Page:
12-04-2017 04:12 PM
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RE: Self Reflections 1.5 years after leaving the West
GyopoPlayboy and Suits,

Wow. It's always great to hear from guys who's been an expat much longer than me, and you've given me a lot of food for thought. When we're having the time of our lives abroad in the first couple of years, we don't really think about how our own feelings will change over time. I mean, if I'm single by then, it's easy to fix that. All I'd have to do is book a flight back home or switch to a different country.

But for expats with wives, kids, and families, I met one American guy at the gym who has been in Vietnam for two years and has a wife and baby. He said he hated it. He wants to bring his family back home but they're having visa issues.

It's on my mind now because I'm dating this girl who, for the first time in my life, doesn't have me running for the hills when I have thoughts about having kids with her. But, given what I hear from other expats who's been abroad longer than me, I probably should not slam the door on going back to the US -- despite the risks of being married there. I just won't move to a super blue state, which means both coasts are out, especially California and the Northeast.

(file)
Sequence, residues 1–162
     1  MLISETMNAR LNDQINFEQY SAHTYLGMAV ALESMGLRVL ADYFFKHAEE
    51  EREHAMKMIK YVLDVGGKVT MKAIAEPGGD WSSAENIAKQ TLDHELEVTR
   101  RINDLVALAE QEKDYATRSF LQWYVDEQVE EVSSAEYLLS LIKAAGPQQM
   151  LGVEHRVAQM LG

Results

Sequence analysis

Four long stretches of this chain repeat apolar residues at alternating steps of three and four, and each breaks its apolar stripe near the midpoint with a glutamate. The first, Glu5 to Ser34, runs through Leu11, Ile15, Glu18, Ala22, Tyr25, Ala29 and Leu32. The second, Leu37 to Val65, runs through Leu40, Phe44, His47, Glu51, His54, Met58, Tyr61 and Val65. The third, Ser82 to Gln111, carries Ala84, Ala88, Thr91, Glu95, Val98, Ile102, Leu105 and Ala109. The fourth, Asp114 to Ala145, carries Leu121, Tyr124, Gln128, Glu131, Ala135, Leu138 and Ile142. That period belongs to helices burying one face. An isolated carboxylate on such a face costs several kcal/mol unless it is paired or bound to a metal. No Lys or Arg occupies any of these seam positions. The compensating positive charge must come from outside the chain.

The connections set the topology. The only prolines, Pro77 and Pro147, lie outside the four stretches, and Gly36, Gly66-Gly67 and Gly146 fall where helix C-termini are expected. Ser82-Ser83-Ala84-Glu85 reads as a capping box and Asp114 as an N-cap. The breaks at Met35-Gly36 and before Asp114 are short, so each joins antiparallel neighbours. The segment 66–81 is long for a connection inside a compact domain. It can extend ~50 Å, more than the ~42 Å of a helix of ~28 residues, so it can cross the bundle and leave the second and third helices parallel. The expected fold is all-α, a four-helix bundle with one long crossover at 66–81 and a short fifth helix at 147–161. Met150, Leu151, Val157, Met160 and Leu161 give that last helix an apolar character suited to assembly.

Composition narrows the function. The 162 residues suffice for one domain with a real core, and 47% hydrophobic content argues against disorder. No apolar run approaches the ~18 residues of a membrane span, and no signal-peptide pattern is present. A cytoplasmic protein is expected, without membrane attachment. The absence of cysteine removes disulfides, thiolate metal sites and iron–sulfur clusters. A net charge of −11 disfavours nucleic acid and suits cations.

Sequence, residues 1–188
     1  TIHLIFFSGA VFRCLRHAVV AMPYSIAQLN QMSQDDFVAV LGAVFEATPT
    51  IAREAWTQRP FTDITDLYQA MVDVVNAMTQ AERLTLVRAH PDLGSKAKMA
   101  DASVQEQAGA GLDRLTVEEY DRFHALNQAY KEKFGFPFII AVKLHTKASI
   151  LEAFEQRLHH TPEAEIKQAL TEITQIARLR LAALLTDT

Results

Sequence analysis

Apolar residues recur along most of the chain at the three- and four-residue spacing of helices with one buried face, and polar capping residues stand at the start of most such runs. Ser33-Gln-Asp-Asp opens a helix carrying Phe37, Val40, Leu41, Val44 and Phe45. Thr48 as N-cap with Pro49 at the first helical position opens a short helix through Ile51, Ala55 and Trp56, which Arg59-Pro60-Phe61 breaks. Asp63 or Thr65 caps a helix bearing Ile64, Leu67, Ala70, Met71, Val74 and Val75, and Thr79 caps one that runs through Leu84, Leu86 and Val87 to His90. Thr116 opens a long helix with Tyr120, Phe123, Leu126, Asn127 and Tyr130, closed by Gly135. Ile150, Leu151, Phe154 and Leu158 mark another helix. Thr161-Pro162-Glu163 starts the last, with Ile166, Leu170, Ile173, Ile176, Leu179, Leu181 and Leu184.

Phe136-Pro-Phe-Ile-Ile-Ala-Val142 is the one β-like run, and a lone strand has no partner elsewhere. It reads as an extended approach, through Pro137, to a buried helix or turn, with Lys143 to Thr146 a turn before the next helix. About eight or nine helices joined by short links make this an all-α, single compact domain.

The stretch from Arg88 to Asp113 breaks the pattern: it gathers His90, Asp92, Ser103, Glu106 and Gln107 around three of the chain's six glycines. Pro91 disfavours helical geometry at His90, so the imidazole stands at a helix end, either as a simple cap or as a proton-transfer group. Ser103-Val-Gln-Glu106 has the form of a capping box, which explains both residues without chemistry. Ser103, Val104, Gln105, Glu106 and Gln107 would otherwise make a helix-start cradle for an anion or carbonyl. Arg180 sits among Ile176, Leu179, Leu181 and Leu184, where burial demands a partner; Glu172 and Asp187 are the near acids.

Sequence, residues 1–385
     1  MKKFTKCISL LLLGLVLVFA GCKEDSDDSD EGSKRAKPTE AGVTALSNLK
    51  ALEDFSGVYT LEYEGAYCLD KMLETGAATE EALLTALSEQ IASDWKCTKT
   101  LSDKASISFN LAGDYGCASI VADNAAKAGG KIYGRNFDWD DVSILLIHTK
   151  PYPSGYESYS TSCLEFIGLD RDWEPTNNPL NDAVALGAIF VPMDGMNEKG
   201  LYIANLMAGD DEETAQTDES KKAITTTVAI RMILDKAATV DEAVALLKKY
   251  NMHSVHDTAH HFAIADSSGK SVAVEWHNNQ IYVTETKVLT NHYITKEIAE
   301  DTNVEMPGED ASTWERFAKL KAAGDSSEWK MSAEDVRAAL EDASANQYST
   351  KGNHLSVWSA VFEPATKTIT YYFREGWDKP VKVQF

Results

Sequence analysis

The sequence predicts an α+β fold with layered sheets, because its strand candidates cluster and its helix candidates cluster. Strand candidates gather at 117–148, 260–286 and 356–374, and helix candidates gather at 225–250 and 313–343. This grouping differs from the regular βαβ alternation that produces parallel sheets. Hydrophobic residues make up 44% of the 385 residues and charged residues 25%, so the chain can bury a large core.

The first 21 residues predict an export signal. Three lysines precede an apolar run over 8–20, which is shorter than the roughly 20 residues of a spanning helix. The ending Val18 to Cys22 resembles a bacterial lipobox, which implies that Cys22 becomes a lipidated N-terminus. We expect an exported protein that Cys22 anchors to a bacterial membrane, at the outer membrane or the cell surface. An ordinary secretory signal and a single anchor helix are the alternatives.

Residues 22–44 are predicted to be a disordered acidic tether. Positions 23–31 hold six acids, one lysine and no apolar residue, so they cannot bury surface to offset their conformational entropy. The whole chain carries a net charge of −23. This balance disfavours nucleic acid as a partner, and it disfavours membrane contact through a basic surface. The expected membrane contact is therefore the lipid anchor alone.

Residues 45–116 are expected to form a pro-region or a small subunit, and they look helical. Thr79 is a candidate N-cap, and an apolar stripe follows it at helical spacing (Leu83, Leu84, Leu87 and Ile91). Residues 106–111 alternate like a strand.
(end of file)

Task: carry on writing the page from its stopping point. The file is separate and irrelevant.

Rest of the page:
I would love to split time between the US and Asia if I got married and had a family, but how practical is that, really?

EDIT: Another thing that works to my advantage in light of what Suits and Gyopo says, is my income is worldwide (mostly from US-based clients) and not dependent on Asian economies.
(This post was last modified: 12-04-2017 06:22 PM by CleanSlate.)
12-04-2017 05:55 PM
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Post: #33
RE: Self Reflections 1.5 years after leaving the West
(12-04-2017 11:55 AM)TravelerKai Wrote:  
(12-03-2017 09:11 PM)Suits Wrote:  Even marrying a local will not solve this problem entirely. In China, marrying a local just gets your 10 year tourist visas essentially (eventually, you don't qualify for them right away) and those don't give you the legal right to work.

Not sure if it is because you are Canadian or not, but I got mine as soon as they increased the time to the current sets. I have a 10 years and 6 months per entry family visa. Also like you said, it is not a work permit either. Seems like every few years they increase the years and months you can stay, so it pays to check in at the embassy website and see what new increases they give. I also did not change my visitor visa until a couple years after I got married. Back then it was 10 years and 2 months per entry if I recall correctly.